The “F” Word of Fitness

The nutrition and fitness world seem to periodically target a single nutrient as the root of all health problems. In the 80s the enemy was dietary fats and in the 90s there was a transition towards carbohydrates. Soon after trans-fatty acids became the one thing people must not eat. Today, high fructose corn syrup (HFCS) is the doer of all evil in the nutrition world; responsible for obesity, diabetes and a host of other health problems. Now, while the research does indicates that high levels of HFCS in the diet can lead to certain health problems, the threat has no doubt been stretched out of context. Nowhere is this more evident than in the fitness industry where everything containing fructose is being isolated and removed from the diet, including fruit! Are the rumors true? Is fruit making you fat? Not likely.  Apart from ingesting excessively high levels of fructose, the fructose scare seems to be inflated slightly.

Let’s start by quickly outlining what fructose is – the “F” word of Fitness. Fructose is a monosaccharide, or, simple sugar since it is made up of only one sugar molecule. As most people are aware, fructose makes up a portion of the carbohydrates in fruit. Like many other dietary carbohydrates, fructose is converted to glucose within the body. With fructose, this process is done by the liver. Fructose is almost never found in the bloodstream in large quantities; it is either stored in the liver as glycogen before being converted to glucose and released into the bloodstream, or simply converted to glucose and released after consumption. Unlike glucose, fructose is digested slowly by the body and doesn’t have significant effects on blood sugar levels or insulin response. Initially, this effect jump started thoughts that fructose was a superior sweetener to other simple sugars, especially for diabetics; however, it turns out that this reasoning isn’t entirely true, as excess fructose can cause negative health problems (Please note the word excess: it would require an insanely large amount of fruit to be consumed at once to cause problems in the body).

The problems begin to occur when high amounts of fructose (generally above 50 grams) are consumed at once. It is at this level when the liver begins to convert fructose to triglycerides (fat) and other negative health issues occur (including lack of production of leptin, an important hormone associated with the long term energy balance). In other words, excessive amounts of fructose can lead to the creation of fats in the liver and the breakdown of our energy balance and fat regulating system. As a result, the consumption of high fructose sweeteners can lead to a number of health problems including central obesity, increased in bad cholesterol, decreased in good cholesterol, high triglycerides, and poor appetite control.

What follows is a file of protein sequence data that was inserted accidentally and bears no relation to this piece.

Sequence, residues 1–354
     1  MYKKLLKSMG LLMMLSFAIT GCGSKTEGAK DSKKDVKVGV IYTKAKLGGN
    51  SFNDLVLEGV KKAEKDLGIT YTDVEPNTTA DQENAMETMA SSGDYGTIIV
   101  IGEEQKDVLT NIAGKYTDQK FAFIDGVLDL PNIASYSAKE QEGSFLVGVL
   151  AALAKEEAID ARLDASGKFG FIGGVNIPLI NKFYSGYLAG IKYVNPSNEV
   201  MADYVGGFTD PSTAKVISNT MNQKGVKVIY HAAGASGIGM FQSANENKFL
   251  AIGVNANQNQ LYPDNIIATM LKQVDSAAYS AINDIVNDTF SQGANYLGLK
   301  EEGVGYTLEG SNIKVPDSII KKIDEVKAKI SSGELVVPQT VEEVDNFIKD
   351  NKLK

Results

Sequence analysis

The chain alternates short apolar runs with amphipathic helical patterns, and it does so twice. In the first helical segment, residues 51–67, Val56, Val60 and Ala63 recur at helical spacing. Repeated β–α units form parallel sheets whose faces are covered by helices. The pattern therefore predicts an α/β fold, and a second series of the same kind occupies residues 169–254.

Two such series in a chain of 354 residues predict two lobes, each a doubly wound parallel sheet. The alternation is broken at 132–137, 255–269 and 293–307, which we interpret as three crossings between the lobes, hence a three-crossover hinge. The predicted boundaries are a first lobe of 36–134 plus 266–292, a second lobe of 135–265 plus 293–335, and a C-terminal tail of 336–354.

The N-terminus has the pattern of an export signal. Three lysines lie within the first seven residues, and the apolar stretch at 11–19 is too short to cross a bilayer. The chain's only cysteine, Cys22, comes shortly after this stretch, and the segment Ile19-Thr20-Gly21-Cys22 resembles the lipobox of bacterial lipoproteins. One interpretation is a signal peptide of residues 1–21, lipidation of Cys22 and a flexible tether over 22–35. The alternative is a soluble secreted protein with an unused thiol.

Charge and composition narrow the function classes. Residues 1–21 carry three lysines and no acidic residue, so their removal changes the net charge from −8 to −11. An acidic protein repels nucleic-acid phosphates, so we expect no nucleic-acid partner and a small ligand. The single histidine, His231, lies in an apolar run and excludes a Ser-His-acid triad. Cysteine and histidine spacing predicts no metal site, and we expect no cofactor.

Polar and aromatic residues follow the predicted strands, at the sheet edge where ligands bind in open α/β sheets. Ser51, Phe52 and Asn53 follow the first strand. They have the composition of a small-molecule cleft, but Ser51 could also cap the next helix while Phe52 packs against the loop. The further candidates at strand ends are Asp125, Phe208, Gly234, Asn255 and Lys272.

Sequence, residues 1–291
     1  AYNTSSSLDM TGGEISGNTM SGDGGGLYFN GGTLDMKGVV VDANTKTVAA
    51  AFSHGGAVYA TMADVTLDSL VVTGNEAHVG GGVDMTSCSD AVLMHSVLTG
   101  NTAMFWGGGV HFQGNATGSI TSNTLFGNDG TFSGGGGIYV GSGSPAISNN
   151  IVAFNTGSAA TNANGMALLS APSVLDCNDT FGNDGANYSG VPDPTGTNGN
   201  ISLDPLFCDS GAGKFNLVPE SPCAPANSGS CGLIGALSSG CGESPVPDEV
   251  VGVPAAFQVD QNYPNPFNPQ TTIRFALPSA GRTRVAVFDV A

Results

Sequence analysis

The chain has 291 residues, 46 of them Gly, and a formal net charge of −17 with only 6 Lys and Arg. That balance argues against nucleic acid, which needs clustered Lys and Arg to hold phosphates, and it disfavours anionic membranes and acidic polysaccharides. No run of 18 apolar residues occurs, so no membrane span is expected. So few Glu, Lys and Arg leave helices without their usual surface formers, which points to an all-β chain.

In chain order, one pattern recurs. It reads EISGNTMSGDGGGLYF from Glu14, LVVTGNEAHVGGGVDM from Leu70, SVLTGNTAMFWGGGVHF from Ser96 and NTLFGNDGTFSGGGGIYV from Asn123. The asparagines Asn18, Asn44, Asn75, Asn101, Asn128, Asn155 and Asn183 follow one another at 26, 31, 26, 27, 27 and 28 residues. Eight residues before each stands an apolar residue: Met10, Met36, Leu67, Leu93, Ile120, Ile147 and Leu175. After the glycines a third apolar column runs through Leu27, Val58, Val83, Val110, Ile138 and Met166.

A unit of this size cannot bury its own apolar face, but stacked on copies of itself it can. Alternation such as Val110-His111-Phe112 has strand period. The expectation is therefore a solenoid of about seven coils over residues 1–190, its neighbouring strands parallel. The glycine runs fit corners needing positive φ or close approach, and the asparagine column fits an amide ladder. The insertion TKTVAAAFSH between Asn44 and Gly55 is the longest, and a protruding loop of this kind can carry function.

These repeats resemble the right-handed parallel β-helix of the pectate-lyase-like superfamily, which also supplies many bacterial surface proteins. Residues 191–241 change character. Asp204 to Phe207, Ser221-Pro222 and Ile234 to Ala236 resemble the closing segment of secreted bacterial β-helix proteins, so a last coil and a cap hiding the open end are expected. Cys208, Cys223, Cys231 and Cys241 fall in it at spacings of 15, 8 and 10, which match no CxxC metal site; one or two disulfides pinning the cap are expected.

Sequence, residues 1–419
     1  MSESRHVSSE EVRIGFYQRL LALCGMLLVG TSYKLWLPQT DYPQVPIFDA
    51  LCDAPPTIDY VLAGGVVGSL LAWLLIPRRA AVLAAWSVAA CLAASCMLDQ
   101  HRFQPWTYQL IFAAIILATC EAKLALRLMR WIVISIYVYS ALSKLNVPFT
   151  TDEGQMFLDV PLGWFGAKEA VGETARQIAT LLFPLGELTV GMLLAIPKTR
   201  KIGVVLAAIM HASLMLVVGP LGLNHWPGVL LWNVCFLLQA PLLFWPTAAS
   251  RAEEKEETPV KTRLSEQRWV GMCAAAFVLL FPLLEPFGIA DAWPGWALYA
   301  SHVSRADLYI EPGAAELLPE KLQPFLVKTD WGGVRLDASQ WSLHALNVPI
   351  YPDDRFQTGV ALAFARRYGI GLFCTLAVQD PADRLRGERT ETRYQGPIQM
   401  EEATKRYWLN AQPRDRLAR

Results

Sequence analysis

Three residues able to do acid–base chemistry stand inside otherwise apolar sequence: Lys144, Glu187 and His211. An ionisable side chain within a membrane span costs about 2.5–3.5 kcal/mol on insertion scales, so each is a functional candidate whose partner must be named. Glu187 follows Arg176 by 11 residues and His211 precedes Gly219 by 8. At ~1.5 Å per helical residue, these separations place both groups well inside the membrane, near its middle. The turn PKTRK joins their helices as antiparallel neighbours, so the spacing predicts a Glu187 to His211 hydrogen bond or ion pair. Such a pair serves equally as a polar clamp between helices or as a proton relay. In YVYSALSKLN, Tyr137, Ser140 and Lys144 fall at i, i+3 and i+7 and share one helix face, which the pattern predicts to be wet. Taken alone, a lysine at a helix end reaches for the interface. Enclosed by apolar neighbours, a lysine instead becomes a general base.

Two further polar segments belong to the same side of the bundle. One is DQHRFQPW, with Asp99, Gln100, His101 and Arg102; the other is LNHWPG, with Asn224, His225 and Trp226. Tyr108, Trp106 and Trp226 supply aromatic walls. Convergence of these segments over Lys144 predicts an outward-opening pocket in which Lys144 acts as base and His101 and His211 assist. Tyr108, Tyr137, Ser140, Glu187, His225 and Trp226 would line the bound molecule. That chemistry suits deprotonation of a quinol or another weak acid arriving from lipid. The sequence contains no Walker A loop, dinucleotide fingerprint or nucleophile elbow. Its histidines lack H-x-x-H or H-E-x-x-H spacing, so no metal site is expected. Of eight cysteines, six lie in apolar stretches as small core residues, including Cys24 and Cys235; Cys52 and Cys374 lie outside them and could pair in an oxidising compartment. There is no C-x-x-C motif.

Now let’s take a step back for a moment. When we talk about high levels of fructose (above 50 grams), it doesn’t necessarily mean we should be removing fruit from the diet. Fruit has received some bad press within the fitness world since it contains fructose; however, one would have to eat an unreasonable amount of fruit to reach troublesome amounts of fructose (try 5 to 6 medium apples in one sitting). In reality, if one wants to limit the amount of fructose in their diet they should start by eliminating sugary sodas, fruit drinks, and other high sugar items. A single serving of fruit juice with HFCS can contain around 50 grams of fructose. The majority of fructose in our diet comes from HFCS as an additive in foods and sucrose (table sugar) which is made of glucose and fructose. Before you consider eliminating fruit from the diet consider all the health benefits it provides.

Fruit can help combat hunger, which is especially good for people who are dieting and are on calorie restricted diets. As well, fruit is high in fiber and nutrients. It’s important to not make the mistake that the small amount of fructose found in fruit will be problematic. It’s highly unlikely that consuming whole, unprocessed, fresh fruits will promote energy imbalances and body fat gains. However, it is likely that over consumption of fructose-rich fruit juices and other foods will cause these problems.

Now, although the anti-fructose craze is over-hyped somewhat within the fitness community, clearly health problems can occur when fructose in regularly over-consumed. In this sense, consider limiting intake of HFCS and continue moderately eating healthy, fiber-rich fruit.



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